During his final encounter with O'Brien, Winston argues that, if all else fails, the inherent nature of the individual—the "spirit of man"—is strong enough to undermine a society such as that...

During his final encounter with O'Brien, Winston argues that, if all else fails, the inherent nature of the individual—the "spirit of man"—is strong enough to undermine a society such as that created by The Party. To what extent do you agree or disagree with this statement? Is Winston's belief applicable to the world we live in today? Cite examples in recent history that support or refute Winston's belief in the resiliency and righteousness of the human spirit? 

Asked on by kshiro648

1 Answer | Add Yours

akannan's profile pic

Ashley Kannan | Middle School Teacher | (Level 3) Distinguished Educator

Posted on

I think that Winston is absolutely correct in that the "spirit of man" possesses the strength to undermine authority and that this can be seen in the modern setting.

Prior to speaking of the "spirit of man" concept, Winston details how the vision of total power that the Party believes it has is not entirely accurate. The totalizing idea of control that the Party seeks is impossible: "No. I believe it. I know that you will fail. There is something in the universe -- I don't know, some spirit, some principle -- that you will never overcome."  Winston speaks vaguely. However, I think that Orwell is deliberate in this ambiguity. The Party might wish to exert totalizing power that covers all human beings like a thick blanket. Yet, Winston speaks of "something" that will lie beyond the reach of the Party.  I think that this might be where one of the most redemptive portions of the text lies, something not immediately associated with 1984.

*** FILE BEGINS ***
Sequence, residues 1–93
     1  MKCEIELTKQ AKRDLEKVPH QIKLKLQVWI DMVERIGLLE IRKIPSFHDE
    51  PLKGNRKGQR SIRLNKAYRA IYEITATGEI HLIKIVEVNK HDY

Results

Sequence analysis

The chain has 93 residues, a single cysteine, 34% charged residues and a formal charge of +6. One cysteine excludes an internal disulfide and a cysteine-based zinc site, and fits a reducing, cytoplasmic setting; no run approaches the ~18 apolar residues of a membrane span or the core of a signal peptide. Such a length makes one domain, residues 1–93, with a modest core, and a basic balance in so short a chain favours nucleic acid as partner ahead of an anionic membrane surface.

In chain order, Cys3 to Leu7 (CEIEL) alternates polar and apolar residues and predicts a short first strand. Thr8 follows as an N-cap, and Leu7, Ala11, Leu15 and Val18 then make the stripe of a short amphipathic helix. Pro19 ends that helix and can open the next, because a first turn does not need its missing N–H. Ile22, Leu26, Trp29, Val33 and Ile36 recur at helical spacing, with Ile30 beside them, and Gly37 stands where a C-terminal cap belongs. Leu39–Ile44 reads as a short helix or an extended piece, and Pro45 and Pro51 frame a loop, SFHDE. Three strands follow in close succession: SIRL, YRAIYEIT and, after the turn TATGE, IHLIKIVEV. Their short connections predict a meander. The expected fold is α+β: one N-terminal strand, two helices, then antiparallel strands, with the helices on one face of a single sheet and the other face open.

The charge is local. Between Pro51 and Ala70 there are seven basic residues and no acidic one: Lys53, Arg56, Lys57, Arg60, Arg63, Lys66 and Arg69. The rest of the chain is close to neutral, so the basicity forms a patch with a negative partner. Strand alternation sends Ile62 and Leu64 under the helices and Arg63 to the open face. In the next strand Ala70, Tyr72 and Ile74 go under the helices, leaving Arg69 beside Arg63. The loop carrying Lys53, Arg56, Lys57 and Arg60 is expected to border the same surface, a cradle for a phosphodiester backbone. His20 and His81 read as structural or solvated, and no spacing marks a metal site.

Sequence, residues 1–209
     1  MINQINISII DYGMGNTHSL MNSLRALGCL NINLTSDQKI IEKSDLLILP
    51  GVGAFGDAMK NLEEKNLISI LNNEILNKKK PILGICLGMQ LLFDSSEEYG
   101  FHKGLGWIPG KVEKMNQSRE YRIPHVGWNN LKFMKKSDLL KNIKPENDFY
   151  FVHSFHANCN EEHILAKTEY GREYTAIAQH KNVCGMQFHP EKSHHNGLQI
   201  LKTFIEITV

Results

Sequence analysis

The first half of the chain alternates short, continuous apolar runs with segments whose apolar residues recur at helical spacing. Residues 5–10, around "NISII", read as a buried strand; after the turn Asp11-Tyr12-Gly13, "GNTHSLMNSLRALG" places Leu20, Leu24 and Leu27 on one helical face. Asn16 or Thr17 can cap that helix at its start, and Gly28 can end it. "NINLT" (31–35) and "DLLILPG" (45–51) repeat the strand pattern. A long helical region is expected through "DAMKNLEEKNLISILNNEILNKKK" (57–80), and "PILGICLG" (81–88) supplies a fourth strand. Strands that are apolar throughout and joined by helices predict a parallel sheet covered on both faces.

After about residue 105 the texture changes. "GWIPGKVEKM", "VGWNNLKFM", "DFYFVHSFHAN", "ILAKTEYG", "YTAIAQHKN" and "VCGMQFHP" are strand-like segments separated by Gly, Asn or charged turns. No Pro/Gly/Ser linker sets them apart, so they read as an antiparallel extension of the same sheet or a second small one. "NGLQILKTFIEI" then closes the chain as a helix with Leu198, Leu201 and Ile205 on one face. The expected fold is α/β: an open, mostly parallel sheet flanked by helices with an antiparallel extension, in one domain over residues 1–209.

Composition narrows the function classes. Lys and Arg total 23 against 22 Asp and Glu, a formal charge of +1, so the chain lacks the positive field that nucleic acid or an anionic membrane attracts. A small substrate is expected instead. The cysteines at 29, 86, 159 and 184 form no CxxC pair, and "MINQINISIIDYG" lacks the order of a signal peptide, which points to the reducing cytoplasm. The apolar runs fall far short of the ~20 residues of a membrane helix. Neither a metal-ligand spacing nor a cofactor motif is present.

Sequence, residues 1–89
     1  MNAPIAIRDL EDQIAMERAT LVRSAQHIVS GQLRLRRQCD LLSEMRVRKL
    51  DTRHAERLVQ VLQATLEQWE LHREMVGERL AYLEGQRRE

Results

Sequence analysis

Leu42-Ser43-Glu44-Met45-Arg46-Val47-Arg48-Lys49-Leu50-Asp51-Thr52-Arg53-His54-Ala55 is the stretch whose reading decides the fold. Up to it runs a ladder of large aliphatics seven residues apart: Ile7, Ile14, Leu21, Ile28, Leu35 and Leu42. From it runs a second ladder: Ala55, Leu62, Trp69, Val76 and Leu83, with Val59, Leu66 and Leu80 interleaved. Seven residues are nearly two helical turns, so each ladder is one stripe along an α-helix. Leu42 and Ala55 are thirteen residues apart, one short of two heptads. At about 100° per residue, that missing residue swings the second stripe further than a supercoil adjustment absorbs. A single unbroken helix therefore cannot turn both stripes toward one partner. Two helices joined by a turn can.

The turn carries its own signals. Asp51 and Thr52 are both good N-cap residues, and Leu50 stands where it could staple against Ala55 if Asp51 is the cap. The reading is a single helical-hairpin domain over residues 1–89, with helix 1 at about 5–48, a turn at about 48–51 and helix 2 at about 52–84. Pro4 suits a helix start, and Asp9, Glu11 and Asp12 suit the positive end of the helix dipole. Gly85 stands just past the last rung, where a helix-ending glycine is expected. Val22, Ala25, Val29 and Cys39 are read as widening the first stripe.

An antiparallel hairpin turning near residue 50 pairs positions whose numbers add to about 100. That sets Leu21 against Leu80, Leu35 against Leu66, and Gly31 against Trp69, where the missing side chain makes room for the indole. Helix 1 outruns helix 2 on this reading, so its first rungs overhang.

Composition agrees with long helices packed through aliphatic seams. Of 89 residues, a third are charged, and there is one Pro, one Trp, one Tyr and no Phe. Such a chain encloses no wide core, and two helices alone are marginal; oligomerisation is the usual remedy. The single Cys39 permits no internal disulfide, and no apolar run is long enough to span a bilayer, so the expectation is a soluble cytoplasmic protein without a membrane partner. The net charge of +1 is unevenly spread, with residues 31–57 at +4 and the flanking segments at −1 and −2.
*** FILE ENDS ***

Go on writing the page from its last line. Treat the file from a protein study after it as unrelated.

This "spirit" can be seen in the modern setting. One such example is in Afghanistan with organizations such as the Revolutionary Association of the Women of Afghanistan (RAWA). RAWA is dedicated to fighting repressive fundamentalism in Afghanistan. Any organization that actively speaks out agains the Taliban is a modern example of the "spirit of" humanity that Winston articulates. Like the Party, the Taliban seeks to control through silencing voices. However, try as they might, they cannot stop this organization from getting its message out. While women are still brutalized under Taliban rule, RAWA represents how the desire to be heard is representative of "the spirit of man."

A similar example from the same region can be found in the life of Malala Yousafzai. Speaking out against the Taliban in defense of education for girls, she  survived being shot in the head. She has gone on to be an advocate of women's rights in the region and, in doing so, embodies what it means to be "something" that oppressive forces cannot overcome.

It can be argued that social and political movements like the Arab Spring is an example of resistance in the face of overwhelming control. In Arab Spring, Mohamed Bouazizi was a fruit vendor who had felt he had enough. He lit himself on fire in the hopes of bringing attention to what he felt was abuses of political power. Anyone who embraces self- immolation is an example of Winston's "spirit of man."  It represents a commitment to one's beliefs that cannot be controlled by a totalizing power.  Bouazizi's actions resulted in large scale change throughout the region.  One person's actions changed many lives and transformed nations. Such an idea proves that Winston was right and that political and social structures like The Party can be undermined.

Sources:

We’ve answered 318,928 questions. We can answer yours, too.

Ask a question